Today at work, I received an all-hands message asking for volunteers to staff a call center to contact Americans stranded in Afghanistan and provide instructions on how to get to the Kabul airport and what to do upon arrival. The message came with the caveat that there was a preference for staff trained in crisis management as it is not expected that Americans in-country in Afghanistan would be entirely in control of their faculties.

I saw email traffic offering counseling services to military and civilians who have spent the better part of two decades involved in the war: men and women who had deployed to the country half a dozen times or more, who had friends there, who lost friends there, who had spent 20 years trying to make a difference for the better. Emails told us to be sensitive to new patterns of depression, excessive drinking, or isolation.

Meanwhile, we have six or so thousand troops crammed into a tiny geographic location trying to get people out. They are sitting ducks…..not to the Taliban, but to extremists who do not take orders from the Taliban and who are even more radicalized. A terrorist attack now would be catastrophic.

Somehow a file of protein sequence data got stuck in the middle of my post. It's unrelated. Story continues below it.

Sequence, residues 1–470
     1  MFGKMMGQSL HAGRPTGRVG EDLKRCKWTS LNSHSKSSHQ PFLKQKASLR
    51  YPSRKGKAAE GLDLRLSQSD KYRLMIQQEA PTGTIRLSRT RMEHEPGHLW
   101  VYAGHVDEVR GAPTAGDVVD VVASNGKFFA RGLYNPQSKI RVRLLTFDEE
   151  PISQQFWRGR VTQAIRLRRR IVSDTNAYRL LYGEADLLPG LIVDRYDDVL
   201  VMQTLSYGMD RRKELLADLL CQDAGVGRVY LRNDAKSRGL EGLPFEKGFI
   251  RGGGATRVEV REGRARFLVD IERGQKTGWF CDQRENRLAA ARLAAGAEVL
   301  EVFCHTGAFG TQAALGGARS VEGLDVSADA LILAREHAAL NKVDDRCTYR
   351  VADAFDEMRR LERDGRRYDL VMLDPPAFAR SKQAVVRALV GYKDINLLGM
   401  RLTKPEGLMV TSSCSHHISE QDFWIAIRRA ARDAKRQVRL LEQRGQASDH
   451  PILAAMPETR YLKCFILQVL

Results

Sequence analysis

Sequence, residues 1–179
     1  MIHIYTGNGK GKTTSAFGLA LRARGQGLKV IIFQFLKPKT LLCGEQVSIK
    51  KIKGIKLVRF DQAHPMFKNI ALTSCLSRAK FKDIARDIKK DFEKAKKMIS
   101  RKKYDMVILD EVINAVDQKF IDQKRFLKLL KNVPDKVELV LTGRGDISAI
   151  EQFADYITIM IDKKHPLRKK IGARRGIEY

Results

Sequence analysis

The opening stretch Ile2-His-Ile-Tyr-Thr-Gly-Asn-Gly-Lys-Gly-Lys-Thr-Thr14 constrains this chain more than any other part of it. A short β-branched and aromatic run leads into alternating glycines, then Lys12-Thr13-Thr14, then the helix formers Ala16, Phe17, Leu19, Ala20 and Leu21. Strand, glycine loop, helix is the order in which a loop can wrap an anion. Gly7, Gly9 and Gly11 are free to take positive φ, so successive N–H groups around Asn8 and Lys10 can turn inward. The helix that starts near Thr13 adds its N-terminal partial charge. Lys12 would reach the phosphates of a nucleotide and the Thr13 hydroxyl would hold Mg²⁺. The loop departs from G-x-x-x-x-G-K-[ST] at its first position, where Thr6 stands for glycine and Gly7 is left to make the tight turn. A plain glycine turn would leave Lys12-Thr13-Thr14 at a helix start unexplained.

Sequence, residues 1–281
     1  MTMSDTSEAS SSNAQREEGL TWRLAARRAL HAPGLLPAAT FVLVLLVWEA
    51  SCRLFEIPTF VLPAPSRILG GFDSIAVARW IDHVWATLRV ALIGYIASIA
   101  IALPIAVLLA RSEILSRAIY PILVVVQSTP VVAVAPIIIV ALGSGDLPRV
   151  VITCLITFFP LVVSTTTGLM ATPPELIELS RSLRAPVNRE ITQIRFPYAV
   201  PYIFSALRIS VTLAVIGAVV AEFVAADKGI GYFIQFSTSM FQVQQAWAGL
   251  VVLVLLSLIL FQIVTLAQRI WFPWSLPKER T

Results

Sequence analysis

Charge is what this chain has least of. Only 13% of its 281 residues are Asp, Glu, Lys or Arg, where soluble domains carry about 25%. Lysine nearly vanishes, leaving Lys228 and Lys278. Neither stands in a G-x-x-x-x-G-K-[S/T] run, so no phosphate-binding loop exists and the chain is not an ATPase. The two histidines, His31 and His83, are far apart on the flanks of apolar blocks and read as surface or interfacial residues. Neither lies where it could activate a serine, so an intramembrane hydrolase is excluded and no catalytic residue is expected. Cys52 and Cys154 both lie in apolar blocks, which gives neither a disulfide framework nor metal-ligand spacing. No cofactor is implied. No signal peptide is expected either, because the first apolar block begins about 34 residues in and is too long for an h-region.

We are watching a humanitarian crisis, a national humiliation, and are a thin line away from catastrophe. Americans do not generally have sufficient knowledge of history to be aware of what happened in this place in 1842 when 4,500 British and Indian regular troops attempted to withdraw from Afghanistan with 14,000 civilians: men, women, and children. You can bet it is on the minds of the American diplomats and troops still in-country.

When we went in, I remember a news article recounting how a tribal chieftain remarked to the U.S. military leaders briefing them on the U.S. invasion: “You can come, but will you be able to leave.?” I knew what he meant; I’m sure our leadership knew what he meant.

In the U.S., all we can do is hope for the best.